|1st Species||Smilosuchus gregorii|
|2nd Species||Smilosuchus adamanensis|
|3rd Species||Smilosuchus lithodendrum|
|Time Range||221.5-205.6 mya|
|Location||United States of America|
|Name Meaning||Knife crocodile|
|Physical Dimensions||6.8 meters long for S.gregorii; 5 meters long for S.adamanensis|
Smilosuchus is a phytosaurid phytosaurian reptile from the Late Triassic of the United States of America. It was officially named in 1995 by R. A. Long and P. A. Murry. It was one of the biggest phytosaurs to exist, and its remains were thought to be those of another phytosaur, right before it was discovered that those remains were different enough to be their own genus.
Like any other phytosaur, Smilosuchus resembled a crocodile, with a bulky body, 4 semi-erect legs, a long, muscular tail, a large head with massive jaws, and eyes on the top of its head. However, it had a few major differences, like nostrils situated near its eyes, a slightly downturned snout, and serrated teeth; there was even some differences between species, as Smilosuchus gregorii had a deeper and broader snout and big, fang-like teeth, while Smilosuchus adamanensis had a shallower and thinner snout and small, conical teeth. Its body would have been covered in scaly skin, with a row of osteoderms running down its back and tail.
Smilosuchus was a predator; specific diet depends on the species. Due to its deeper snout and more robust teeth, the aforementioned S.gregorii would have been able to prey on small dinosaurs, small-midsized paracrocodylomorphs, and large anomodonts; the aforementioned S.adamanensis, on the other hand, would have preyed on fish, using its small, thin teeth and its slender snout to catch them.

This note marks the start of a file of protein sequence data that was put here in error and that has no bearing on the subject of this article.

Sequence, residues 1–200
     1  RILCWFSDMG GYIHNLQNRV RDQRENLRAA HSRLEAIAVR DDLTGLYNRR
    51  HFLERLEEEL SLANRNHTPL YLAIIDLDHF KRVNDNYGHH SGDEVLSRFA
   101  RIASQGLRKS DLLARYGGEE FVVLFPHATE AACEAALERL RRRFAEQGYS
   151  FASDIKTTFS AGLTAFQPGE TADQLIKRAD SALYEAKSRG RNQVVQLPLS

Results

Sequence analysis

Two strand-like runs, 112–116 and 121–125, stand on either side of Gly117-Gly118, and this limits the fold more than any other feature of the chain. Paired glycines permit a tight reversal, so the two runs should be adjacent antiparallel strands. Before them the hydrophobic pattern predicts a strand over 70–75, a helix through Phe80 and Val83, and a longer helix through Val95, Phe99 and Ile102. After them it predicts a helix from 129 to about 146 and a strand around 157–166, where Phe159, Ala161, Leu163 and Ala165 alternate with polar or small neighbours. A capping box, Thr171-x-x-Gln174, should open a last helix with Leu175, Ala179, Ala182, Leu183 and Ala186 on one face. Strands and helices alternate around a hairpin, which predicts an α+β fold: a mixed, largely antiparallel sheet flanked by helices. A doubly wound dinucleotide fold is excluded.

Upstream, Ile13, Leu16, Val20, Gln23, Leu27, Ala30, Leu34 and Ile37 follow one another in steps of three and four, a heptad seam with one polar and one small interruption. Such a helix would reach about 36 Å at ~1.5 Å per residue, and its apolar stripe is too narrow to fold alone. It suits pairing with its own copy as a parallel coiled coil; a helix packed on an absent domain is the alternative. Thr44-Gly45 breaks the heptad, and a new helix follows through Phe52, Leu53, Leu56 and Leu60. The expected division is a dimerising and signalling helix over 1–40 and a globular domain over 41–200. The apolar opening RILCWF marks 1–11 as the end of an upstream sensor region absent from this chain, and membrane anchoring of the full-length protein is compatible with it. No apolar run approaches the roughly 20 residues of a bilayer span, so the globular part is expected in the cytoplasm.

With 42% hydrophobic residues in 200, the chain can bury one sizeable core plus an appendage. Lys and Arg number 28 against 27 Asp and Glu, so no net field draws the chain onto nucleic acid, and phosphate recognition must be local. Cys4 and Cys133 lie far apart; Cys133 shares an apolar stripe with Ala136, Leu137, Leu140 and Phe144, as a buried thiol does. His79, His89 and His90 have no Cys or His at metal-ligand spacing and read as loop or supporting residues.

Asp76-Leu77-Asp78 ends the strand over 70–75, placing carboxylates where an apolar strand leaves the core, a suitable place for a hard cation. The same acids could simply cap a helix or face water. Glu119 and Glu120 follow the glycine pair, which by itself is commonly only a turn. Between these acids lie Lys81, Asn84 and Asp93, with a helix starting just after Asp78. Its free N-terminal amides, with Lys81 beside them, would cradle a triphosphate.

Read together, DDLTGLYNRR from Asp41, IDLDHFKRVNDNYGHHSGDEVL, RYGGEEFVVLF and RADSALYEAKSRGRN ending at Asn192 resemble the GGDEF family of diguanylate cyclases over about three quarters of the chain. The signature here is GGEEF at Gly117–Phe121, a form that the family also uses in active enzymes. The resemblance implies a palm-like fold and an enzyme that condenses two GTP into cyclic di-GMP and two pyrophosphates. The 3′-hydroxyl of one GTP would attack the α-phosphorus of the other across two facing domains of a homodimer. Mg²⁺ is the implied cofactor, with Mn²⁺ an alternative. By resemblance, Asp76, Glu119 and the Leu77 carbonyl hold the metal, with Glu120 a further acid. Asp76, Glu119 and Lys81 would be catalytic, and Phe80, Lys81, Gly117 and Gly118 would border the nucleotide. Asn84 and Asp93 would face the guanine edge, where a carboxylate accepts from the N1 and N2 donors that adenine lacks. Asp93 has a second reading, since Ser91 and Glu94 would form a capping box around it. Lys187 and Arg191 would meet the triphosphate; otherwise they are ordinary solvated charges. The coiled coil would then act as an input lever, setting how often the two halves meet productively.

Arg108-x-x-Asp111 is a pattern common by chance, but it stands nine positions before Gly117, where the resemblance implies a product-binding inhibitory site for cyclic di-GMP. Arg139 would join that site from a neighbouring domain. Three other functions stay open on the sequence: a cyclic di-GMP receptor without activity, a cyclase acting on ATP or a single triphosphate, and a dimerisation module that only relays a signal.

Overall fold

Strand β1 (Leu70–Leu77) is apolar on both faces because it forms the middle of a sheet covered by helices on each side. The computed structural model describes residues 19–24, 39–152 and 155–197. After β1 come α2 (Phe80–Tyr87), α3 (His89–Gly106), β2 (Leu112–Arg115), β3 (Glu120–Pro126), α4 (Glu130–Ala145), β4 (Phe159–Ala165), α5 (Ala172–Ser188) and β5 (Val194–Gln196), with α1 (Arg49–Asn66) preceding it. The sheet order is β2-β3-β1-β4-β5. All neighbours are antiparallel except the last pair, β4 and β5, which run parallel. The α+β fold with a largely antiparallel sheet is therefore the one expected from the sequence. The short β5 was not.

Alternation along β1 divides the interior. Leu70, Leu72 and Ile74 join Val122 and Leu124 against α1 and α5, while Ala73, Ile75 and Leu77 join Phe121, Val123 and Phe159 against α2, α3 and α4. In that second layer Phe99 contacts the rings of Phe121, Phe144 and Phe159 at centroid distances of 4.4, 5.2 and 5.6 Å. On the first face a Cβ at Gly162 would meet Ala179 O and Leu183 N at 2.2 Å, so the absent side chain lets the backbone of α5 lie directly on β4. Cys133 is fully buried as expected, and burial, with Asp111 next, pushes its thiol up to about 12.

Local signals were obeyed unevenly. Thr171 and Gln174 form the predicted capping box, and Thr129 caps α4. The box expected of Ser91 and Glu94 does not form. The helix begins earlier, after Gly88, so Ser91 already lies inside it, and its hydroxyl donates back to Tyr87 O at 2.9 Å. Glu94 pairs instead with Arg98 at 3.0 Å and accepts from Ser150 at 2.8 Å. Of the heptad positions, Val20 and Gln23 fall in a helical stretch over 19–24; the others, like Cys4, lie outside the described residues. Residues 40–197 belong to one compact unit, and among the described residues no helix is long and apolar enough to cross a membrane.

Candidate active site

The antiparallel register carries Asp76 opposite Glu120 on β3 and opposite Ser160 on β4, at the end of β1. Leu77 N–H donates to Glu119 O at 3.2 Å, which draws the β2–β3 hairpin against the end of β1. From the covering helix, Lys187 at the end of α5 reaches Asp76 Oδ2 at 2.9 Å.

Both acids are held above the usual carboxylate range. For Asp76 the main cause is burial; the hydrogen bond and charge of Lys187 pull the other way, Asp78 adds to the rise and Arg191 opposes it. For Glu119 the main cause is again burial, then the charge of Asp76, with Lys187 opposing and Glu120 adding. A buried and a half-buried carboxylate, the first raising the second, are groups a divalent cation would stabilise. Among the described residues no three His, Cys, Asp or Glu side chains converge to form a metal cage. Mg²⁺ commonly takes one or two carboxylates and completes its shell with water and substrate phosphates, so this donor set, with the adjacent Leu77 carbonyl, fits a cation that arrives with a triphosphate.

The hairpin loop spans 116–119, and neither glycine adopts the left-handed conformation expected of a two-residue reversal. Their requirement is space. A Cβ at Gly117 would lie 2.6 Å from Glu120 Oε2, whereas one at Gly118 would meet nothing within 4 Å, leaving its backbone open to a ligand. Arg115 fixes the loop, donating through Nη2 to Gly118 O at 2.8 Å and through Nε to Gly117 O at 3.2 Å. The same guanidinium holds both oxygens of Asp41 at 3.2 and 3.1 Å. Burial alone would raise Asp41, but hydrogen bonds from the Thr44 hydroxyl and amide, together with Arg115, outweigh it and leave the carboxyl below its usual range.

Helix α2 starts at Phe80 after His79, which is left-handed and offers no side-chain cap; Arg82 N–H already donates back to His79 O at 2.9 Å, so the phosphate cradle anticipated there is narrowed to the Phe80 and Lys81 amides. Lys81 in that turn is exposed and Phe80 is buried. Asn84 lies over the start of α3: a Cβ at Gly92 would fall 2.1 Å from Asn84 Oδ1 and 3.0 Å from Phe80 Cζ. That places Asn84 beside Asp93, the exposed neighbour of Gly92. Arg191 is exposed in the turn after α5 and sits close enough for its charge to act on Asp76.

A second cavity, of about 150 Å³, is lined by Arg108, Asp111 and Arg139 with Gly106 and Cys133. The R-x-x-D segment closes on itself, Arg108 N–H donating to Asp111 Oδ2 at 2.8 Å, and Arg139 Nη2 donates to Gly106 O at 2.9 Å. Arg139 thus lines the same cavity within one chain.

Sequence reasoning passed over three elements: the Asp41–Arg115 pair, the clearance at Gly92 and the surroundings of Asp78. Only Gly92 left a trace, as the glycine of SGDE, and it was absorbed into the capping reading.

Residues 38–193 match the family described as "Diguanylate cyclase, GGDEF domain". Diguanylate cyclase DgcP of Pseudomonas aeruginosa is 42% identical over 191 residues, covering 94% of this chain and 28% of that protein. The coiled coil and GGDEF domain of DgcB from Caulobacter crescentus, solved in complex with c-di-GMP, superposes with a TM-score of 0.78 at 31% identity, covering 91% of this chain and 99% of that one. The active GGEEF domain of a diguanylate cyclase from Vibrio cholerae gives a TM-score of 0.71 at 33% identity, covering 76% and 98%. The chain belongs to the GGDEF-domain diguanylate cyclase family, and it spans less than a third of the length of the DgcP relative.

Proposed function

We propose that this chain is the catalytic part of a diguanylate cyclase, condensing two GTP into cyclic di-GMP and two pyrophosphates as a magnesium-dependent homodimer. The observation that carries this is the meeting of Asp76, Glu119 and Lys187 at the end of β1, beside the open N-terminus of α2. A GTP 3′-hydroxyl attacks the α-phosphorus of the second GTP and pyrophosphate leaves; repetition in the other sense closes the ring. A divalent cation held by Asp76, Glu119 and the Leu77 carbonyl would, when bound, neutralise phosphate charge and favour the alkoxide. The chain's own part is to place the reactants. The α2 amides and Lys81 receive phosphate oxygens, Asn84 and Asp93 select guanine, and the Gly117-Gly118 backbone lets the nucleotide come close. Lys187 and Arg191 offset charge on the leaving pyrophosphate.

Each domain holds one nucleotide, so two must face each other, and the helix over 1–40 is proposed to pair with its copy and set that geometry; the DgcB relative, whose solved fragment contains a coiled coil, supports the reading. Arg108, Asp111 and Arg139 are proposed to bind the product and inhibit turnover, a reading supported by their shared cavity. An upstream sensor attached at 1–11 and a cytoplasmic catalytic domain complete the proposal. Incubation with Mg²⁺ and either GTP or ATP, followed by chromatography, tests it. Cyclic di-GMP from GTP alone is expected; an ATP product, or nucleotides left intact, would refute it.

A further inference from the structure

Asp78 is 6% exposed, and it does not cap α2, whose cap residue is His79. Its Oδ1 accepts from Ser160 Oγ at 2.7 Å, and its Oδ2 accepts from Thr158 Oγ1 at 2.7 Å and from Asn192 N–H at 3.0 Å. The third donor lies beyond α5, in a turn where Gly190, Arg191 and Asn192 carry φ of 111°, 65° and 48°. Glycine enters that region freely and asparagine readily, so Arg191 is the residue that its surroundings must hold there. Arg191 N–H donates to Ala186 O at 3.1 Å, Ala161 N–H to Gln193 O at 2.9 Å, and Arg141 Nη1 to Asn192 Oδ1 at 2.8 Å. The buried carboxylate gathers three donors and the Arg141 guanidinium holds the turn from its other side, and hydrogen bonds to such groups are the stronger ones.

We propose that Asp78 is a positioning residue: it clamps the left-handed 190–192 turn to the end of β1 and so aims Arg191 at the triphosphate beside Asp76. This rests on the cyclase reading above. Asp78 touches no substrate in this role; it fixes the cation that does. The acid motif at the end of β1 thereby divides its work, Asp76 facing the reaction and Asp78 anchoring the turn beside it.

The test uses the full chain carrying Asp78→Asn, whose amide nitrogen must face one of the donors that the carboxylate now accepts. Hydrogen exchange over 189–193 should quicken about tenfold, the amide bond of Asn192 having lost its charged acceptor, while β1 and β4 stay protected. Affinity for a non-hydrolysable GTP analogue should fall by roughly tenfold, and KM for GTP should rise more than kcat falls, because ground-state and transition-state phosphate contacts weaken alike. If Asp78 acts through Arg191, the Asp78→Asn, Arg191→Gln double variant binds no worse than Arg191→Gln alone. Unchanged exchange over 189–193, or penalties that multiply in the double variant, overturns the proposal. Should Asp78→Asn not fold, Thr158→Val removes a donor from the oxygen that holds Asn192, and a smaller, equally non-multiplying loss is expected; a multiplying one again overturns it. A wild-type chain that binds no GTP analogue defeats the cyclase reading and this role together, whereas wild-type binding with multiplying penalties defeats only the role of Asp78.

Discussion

Smilosuchus had a semi-aquatic lifestyle, being at home both in the water and on the land; despite its crocodilian physiology and tendency to spend 50% of its time in the water, it was a competent terrestrial animal as well, and was able to perform a "high walk" similar to those of modern crocodiles. Unlike modern crocodiles, however, its teeth were serrated, and were able to slice the flesh of prey items; due to this, it may not have been able to perform the dismembering spin that modern crocodiles were able to do when ripping prey apart, and may have used another type of movement in order to rip apart its food. In fact, only the larger species, S.gregorii would have been able to attack large terrestrial animals to sustain itself, due to its big teeth and deep snout; the smaller S.adamanensis would have preferred to prey on small aquatic animals, using its slender snout and small teeth to snag any small fish that swam by. An interesting thing to note is that Smilosuchus may have been superprecocial (requiring very little to no parental care), and adults may have laid their eggs in a safe place before abandoning them; newly-hatched Smilosuchus would have had to fend for themselves, possibly hiding in vegetation in order to hide from predators such as the large amphibian Koskinonodon, the small dinosaur Coelophysis, and the large paracrocodylomorphs Poposaurus and Postosuchus.